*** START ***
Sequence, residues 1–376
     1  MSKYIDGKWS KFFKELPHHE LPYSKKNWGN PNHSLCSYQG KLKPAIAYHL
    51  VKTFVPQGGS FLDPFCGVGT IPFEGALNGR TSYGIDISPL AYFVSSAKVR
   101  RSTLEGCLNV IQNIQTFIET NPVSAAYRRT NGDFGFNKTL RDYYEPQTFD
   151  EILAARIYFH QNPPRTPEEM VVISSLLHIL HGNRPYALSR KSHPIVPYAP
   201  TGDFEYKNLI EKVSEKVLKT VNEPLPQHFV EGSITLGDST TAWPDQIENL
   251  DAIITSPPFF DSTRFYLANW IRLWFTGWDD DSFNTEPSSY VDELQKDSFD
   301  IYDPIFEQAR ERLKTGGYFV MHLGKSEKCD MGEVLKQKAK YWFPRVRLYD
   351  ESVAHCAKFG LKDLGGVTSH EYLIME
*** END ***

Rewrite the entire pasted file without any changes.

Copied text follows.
Sequence, residues 1–376
     1  MSKYIDGKWS KFFKELPHHE LPYSKKNWGN PNHSLCSYQG KLKPAIAYHL
    51  VKTFVPQGGS FLDPFCGVGT IPFEGALNGR TSYGIDISPL AYFVSSAKVR
   101  RSTLEGCLNV IQNIQTFIET NPVSAAYRRT NGDFGFNKTL RDYYEPQTFD
   151  EILAARIYFH QNPPRTPEEM VVISSLLHIL HGNRPYALSR KSHPIVPYAP
   201  TGDFEYKNLI EKVSEKVLKT VNEPLPQHFV EGSITLGDST TAWPDQIENL
   251  DAIITSPPFF DSTRFYLANW IRLWFTGWDD DSFNTEPSSY VDELQKDSFD
   301  IYDPIFEQAR ERLKTGGYFV MHLGKSEKCD MGEVLKQKAK YWFPRVRLYD
   351  ESVAHCAKFG LKDLGGVTSH EYLIME